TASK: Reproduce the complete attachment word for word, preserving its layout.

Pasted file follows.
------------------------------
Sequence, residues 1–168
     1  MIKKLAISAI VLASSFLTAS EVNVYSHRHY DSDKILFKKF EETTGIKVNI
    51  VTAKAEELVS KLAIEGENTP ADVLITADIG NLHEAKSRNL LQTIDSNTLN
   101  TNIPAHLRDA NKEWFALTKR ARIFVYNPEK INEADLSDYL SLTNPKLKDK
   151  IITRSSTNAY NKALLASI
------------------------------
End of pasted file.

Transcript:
Sequence, residues 1–168
     1  MIKKLAISAI VLASSFLTAS EVNVYSHRHY DSDKILFKKF EETTGIKVNI
    51  VTAKAEELVS KLAIEGENTP ADVLITADIG NLHEAKSRNL LQTIDSNTLN
   101  TNIPAHLRDA NKEWFALTKR ARIFVYNPEK INEADLSDYL SLTNPKLKDK
   151  IITRSSTNAY NKALLASI